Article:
Even if we look at the latter half of the 20th century, a period not covered quite so thoroughly in the PRC school curriculum, the personal experience of many Chinese during the Cultural Revolution serves as fresh reminder about what can happen when the central government abandons order and stability in the name of "idealism."

Whether you agree or not, the salient point is that many people in China do calculate the risk versus reward of taking on the government not only in terms of their own personal safety (because the Party still can be very brutal towards those it feels are a threat to its legitimacy) but also in terms of the larger cost of revolution and the possibility of undoing the very real gains many people in China have made over the past thirty years.

While it can be easy to sell a message of "Stick with us or face the consequences" when you have near total control over the education, information, and media environments, it is still worth noting that an awful lot of people in China, especially in Beijing, buy into this.  So long as this is the case, and so long as there aren't any events or causes which mobilize popular discontent across class lines or geographic distance, the chances of a revolution -- of any flavor -- in China will remain quite remote. 

Jeremiah Jenne is a PhD candidate in Chinese history, living and working in Beijing. He is the author of the blog Jottings from the Granite Studio.

Presented by

James Fallows is a national correspondent for The Atlantic and has written for the magazine since the late 1970s. He has reported extensively from outside the United States and once worked as President Carter's chief speechwriter. His latest book is China Airborne. More

James Fallows is based in Washington as a national correspondent for The Atlantic. He has worked for the magazine for nearly 30 years and in that time has also lived in Seattle, Berkeley, Austin, Tokyo, Kuala Lumpur, Shanghai, and Beijing. He was raised in Redlands, California, received his undergraduate degree in American history and literature from Harvard, and received a graduate degree in economics from Oxford as a Rhodes scholar. In addition to working for The Atlantic, he has spent two years as chief White House speechwriter for Jimmy Carter, two years as the editor of US News & World Report, and six months as a program designer at Microsoft. He is an instrument-rated private pilot. He is also now the chair in U.S. media at the U.S. Studies Centre at the University of Sydney, in Australia.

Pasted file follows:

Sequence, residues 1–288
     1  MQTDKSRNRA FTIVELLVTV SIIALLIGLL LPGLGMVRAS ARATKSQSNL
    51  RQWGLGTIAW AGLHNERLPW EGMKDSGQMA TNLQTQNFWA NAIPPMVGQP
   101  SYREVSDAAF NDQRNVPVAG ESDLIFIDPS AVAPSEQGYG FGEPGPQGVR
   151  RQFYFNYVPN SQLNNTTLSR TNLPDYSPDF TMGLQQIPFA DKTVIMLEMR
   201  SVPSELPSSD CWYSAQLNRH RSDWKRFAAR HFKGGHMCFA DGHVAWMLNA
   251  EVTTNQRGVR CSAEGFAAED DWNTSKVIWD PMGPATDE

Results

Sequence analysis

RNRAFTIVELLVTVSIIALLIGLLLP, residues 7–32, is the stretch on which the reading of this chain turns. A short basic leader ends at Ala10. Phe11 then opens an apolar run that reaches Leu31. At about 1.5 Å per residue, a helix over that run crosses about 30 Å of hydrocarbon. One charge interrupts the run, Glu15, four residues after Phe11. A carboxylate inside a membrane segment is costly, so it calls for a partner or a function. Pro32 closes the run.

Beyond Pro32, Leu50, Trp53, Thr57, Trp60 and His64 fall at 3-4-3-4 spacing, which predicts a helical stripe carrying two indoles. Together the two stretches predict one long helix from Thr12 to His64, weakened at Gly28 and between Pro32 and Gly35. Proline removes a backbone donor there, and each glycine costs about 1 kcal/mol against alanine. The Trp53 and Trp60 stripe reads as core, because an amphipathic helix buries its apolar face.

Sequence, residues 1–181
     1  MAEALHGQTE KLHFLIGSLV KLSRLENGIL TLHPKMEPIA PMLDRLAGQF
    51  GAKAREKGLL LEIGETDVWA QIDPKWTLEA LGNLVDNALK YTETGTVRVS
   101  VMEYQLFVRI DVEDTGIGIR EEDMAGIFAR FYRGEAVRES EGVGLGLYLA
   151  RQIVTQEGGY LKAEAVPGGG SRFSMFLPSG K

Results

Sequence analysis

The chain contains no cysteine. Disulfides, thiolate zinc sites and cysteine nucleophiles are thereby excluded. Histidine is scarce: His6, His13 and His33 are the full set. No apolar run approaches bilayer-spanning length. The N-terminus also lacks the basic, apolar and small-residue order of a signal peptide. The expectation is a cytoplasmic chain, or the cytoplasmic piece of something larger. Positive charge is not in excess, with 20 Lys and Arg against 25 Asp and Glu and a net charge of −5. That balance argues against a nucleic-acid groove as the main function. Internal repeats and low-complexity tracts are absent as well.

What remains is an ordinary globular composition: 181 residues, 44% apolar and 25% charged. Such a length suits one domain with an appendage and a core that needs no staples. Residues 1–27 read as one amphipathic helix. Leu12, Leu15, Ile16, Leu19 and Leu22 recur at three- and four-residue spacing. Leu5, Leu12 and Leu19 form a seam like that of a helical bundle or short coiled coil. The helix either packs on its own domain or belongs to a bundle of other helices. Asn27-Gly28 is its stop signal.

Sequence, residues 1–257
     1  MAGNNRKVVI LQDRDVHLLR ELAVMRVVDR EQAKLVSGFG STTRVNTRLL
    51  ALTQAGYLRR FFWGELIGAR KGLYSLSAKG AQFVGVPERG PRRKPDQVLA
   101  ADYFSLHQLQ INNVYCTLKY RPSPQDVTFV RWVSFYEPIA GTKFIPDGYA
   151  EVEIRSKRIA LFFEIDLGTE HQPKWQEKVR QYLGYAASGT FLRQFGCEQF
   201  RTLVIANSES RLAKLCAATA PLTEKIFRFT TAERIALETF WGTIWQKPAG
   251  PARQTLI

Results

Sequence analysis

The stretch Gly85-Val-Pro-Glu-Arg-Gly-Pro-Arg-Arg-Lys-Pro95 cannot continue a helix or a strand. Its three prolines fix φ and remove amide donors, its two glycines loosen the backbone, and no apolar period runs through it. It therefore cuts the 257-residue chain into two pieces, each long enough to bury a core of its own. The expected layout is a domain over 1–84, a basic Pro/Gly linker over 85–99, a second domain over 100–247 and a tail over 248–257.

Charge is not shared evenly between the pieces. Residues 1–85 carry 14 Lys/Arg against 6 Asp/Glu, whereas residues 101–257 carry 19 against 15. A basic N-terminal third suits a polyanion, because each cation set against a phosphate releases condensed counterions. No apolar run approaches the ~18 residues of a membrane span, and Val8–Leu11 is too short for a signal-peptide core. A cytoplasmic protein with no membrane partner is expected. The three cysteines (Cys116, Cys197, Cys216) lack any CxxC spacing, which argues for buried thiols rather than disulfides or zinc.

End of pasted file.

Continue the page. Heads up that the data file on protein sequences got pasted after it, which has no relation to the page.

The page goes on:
Fallows has been a finalist for the National Magazine Award five times and has won once; he has also won the American Book Award for nonfiction and a N.Y. Emmy award for the documentary series Doing Business in China. He was the founding chairman of the New America Foundation. His recent books Blind Into Baghdad (2006) and Postcards From Tomorrow Square (2009) are based on his writings for The Atlantic. His latest book is China Airborne. He is married to Deborah Fallows, author of the recent book Dreaming in Chinese. They have two married sons.

Fallows welcomes and frequently quotes from reader mail sent via the "Email" button below. Unless you specify otherwise, we consider any incoming mail available for possible quotation -- but not with the sender's real name unless you explicitly state that it may be used. If you are wondering why Fallows does not use a "Comments" field below his posts, please see previous explanations here and here.
Get Today's Top Stories in Your Inbox (preview)

What Is the Greatest Story Ever Told?

A panel of storytellers share their favorite tales, from the Bible to Charlotte's Web.


Elsewhere on the web

Video

The Death of Film

You'll never hear the whirring sound of a projector again.

Video

How to Hunt With Poison Darts

A Borneo hunter explains one of his tribe's oldest customs: the art of the blowpipe

Video

A Delightful, Pixar-Inspired Cartoon

An action figure and his reluctant sidekick trek across a kitchen in search of treasure.

Video

I Am an Undocumented Immigrant

"I look like a typical young American."

Video

Why Did I Study Physics?

Using hand-drawn cartoons to explain an academic passion

Writers

Up
Down

More in Global

From This Author

Just In